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Merleau-Ponty’s Gordian knot: transcendental phenomenology, science, and naturalism

Reynolds, Jack 2016, Merleau-Ponty’s Gordian knot: transcendental phenomenology, science, and naturalism, Continental philosophy review, In Press, pp. 1-24, doi: 10.1007/s11007-016-9395-z.

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Title Merleau-Ponty’s Gordian knot: transcendental phenomenology, science, and naturalism
Author(s) Reynolds, Jack
Journal name Continental philosophy review
Season In Press
Start page 1
End page 24
Total pages 24
Publisher Springer
Place of publication Berlin, Germany
Publication date 2016-10-21
ISSN 1573-0611
Keyword(s) phenomenology
Merleau-Ponty
naturalism
science
psychology
transcendental
Summary In this paper, I explore a series of fertile ambiguities that Merleau-Ponty's work is premised upon. These ambiguities concern some of the central methodological commitments of his work, in particular his commitment (or otherwise) to transcendental phenomenology and how he transforms that tradition, and his relationship to science and philosophical naturalism and what they suggest about his philosophical methodology. Many engagements with Merleau-Ponty's work that are more ‘analytic’ in orientation either deflate it of its transcendental heritage, or offer a "modest" rendering of its transcendental dimensions. This is also true, albeit perhaps to a lesser extent, of the work of the more empirically-minded phenomenological philosophers who engage very seriously with Merleau-Ponty – e.g. Hubert Dreyfus, Shaun Gallagher, Evan Thompson, Alva Noë, and others. At the same time, many other scholars contest these proto-scientific and more naturalistic uses of Merleau-Ponty's work on hermeneutical and exegetical grounds, and they likewise criticise the deflated reading of his transcendental phenomenology that tends to support them. By working through some of the key passages and ideas, I seek to establish that the former view captures something pivotal to Merleau-Ponty's philosophy. I extend these interpretations by arguing that, at least around the time of Phenomenology of Perception, his philosophy might be reasonably regarded as a form of minimal methodological naturalism.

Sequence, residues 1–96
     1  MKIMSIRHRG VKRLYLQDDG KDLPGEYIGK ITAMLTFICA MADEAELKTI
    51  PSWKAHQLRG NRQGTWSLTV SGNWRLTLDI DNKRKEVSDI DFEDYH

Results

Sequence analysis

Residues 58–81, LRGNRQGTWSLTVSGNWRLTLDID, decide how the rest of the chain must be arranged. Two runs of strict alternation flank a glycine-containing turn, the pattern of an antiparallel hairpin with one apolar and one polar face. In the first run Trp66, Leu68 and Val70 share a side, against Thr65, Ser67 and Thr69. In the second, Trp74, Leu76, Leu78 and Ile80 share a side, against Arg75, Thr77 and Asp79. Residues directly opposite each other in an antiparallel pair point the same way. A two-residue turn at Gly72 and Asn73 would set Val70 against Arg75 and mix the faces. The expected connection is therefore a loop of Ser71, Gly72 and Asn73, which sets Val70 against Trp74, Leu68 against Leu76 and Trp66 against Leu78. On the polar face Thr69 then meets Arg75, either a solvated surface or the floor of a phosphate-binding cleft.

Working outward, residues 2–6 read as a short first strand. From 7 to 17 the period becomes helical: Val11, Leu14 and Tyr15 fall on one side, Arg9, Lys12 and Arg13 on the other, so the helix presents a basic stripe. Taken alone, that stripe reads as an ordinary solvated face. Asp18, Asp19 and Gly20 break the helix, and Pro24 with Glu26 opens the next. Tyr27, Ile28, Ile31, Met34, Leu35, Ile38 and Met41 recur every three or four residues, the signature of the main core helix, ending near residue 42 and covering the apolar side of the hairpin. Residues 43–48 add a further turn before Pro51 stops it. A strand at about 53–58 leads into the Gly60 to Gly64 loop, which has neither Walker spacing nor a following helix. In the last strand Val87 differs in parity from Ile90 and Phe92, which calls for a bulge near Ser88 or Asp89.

Language eng
DOI 10.1007/s11007-016-9395-z
Field of Research 220310 Phenomenology
2203 Philosophy
1606 Political Science
Socio Economic Objective 970122 Expanding Knowledge in Philosophy and Religious Studies
HERDC Research category C1 Refereed article in a scholarly journal
ERA Research output type C Journal article
Copyright notice ©2016, Springer
Persistent URL http://hdl.handle.net/10536/DRO/DU:30088167

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